Support the Wall Street Examiner! Choose your level of support to receive a free proprietary report as my thanks. Click the button below to see your options. Become a Patron!

Memes-Turned-NFTs Earn Big Bucks

This is a syndicated repost courtesy of Statista | Infographics. To view original, click here. Reposted with permission.

Non-fungible tokens (NFTs) are possibly the most cryptic crypto trend at the moment. These blockchain assets are based on songs, pictures or videos, which are assigned unique, non-exchangeable or replicable blockchain addresses. These addresses can be bought, sold or swapped like you would a trading card. NFT sales of artwork and sports clips have been making headlines for a while, but the real hot topic in the NFT market at the moment are memes. Several people whose pictures have become famous as memes have been able to cash in on their involuntary household name status.

Much like cryptocurrency, NFTs live off of the perceived value that they hold in the eyes of the public. Since they are separate from copyrights, NFTs can technically be minted by anyone. But those which are released (presumably only once) by the work’s creator or an official body would be expected to build and retain the most value because of their exclusivity, just like real-world collectibles would. With memes, the perceived worth of the NFT is derived from the sale by the depicted, not the creator.

Within the meme phenomenon, certain photos and video clips have risen to international comedy fame after having been adapted and re-adapted over and over on the internet to be shared online for amusement. Many of these photos which popular memes are based on display regular people whose portraits struck a nerve with internet audiences and who were turned into characters for the sake of the respective memes – like “Bad Luck Brian” (Ohio resident Kyle Craven) and “Overly Attached Girlfriend” (Laina Morris from Denton, Texas).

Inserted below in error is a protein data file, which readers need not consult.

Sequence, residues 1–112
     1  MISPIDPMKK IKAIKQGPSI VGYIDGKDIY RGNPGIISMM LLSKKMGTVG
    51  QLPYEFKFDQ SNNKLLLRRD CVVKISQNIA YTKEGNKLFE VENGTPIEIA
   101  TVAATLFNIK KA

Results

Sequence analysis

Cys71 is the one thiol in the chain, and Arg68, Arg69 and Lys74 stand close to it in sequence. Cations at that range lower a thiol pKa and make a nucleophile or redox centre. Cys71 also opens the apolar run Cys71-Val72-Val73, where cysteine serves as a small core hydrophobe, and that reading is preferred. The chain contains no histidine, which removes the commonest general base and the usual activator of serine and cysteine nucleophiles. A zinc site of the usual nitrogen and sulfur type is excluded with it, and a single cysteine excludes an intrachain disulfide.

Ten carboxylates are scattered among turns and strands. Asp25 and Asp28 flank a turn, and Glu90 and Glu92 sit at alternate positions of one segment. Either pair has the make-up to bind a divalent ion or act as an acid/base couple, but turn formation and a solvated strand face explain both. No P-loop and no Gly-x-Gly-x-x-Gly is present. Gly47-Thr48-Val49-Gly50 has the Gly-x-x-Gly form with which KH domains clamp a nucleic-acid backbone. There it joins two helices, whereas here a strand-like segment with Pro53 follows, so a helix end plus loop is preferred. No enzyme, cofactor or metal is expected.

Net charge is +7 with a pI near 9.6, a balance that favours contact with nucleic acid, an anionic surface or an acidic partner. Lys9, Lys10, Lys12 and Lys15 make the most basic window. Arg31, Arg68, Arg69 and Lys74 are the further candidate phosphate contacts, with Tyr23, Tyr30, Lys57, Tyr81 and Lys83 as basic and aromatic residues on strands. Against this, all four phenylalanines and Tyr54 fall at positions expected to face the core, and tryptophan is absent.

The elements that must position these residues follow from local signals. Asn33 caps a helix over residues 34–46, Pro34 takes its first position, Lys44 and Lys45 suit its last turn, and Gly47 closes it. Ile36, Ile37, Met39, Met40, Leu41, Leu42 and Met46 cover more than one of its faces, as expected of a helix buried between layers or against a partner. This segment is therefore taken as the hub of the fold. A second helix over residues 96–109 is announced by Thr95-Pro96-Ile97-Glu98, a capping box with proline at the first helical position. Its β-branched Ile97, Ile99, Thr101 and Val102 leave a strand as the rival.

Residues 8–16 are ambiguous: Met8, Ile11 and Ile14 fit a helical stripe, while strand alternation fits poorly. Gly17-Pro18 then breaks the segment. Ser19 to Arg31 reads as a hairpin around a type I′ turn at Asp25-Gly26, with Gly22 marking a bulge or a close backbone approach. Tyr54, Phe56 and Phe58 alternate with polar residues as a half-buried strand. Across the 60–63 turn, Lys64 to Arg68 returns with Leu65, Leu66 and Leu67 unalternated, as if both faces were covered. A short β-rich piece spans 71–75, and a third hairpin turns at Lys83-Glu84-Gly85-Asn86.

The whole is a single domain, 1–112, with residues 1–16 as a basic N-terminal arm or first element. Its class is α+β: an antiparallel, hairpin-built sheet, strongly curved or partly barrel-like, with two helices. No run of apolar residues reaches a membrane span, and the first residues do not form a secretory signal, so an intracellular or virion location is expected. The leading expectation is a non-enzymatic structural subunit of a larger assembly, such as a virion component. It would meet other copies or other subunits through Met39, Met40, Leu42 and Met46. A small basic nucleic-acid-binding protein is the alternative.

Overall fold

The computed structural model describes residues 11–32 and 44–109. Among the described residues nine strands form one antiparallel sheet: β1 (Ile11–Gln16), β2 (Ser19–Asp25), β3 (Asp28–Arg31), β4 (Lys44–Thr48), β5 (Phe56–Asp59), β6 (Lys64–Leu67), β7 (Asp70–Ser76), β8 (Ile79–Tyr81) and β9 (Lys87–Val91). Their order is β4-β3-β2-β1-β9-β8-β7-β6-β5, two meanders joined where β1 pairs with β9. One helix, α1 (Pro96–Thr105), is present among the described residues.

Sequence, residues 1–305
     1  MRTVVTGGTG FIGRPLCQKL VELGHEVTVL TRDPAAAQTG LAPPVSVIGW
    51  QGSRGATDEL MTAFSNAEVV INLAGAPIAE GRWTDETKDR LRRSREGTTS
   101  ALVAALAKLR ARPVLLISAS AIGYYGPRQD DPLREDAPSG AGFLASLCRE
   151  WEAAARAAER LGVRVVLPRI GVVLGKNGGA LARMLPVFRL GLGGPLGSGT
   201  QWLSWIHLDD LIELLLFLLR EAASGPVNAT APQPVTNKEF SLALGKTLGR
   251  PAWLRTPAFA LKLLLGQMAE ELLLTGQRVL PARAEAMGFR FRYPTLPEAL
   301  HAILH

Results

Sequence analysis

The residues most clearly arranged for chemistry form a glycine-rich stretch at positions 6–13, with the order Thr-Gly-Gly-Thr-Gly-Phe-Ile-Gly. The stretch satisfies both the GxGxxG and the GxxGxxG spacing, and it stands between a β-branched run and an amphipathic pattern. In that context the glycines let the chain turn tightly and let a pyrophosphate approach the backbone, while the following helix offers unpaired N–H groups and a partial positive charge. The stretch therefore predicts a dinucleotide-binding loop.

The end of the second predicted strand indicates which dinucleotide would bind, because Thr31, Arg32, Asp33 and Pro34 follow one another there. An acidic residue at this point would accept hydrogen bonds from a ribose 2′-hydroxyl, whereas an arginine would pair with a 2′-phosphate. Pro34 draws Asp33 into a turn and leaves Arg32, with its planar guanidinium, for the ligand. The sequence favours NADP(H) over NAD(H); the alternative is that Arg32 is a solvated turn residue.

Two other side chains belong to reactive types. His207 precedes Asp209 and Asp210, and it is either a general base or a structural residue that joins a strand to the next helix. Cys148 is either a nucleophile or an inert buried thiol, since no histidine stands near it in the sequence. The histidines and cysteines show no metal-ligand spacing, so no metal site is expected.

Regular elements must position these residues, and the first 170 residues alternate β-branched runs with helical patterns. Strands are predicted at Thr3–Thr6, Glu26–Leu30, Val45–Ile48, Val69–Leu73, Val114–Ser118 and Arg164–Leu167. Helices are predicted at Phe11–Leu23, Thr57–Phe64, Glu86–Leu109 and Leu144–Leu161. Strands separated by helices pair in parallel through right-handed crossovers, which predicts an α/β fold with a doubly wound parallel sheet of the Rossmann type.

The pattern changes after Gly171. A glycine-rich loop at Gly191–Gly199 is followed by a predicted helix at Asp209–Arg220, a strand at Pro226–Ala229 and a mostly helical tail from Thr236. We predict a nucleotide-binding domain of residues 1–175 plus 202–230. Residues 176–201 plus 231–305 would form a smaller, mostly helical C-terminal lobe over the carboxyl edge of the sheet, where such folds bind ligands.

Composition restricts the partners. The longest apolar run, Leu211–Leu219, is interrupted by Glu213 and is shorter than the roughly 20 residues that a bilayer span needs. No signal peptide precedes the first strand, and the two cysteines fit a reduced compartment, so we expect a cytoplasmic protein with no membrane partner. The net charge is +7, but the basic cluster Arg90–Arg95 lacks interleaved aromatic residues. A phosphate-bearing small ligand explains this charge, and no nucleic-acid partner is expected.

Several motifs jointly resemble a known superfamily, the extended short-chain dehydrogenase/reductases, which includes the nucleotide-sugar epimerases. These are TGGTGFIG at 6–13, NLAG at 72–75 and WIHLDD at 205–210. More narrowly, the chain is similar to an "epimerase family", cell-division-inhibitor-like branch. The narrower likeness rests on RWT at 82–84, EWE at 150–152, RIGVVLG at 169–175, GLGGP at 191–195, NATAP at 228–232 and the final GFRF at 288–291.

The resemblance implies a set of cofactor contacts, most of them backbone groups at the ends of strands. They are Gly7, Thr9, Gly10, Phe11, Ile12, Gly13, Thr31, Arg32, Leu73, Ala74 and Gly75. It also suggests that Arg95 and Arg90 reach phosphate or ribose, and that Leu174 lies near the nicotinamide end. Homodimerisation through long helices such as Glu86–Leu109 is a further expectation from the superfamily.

Craven and Morris are among those meme personalities who recently cashed in on their meme fame through an NFT sale. Chris Torres, the creator of famous meme Nyan Cat (which is not a depiction of himself but a short cartoon video clip of a flying cat) launched a series of successful meme NFT auctions. He sold Nyan Cat for about 300 units of the cryptocurrency Ethereum – around $516,000 at the time of the auction. The “Overly Attached Girlfriend” NFT brought in almost as much at around $460,000, while “Bad Luck Brian” wasn’t as lucky and only brought home around $45,500.

The most profitable meme NFT to date is “Disaster Girl,” which brought in more than $573,000 at auction. The picture shows a mischievously grinning girl in front of a burning house. At the time her picture was taken by her dad at a fire department drill, Zoe Roth was only four years old. Now at the age of 21, the North Carolinian has found a way to capitalize on her involuntary fame.

Winning bids at the displayed NFT meme auctions were paid for with the cryptocurrency Ethereum. The conversion into U.S. dollars is shown at the time of the auction. Meanwhile, the hype around NFTs has led to an increase in the Ethereum exchange rate, meaning those meme personalities made even more money from these auctions if they held on to their cryptocurrency assets.

This chart shows auction prices paid for NFTs of popular internet memes.

meme NFT auction prices

Wall Street Examiner Disclosure: Lee Adler, The Wall Street Examiner reposts third party content with the permission of the publisher. The opinions expressed in these reposts are not those of the Wall Street Examiner or Lee Adler, unless authored by me, under my byline. I curate posts here on the basis of whether they represent an interesting and logical point of view, that may or may not agree with my own views. Some of the content includes the original publisher's promotional messages. No endorsement of such content is either expressed or implied by posting the content. All items published here are matters of information and opinion, and are neither intended as, nor should you construe it as, individual investment advice. Do your own due diligence when considering the offerings of information providers, or considering any investment.

Leave a Comment

This site uses Akismet to reduce spam. Learn how your comment data is processed.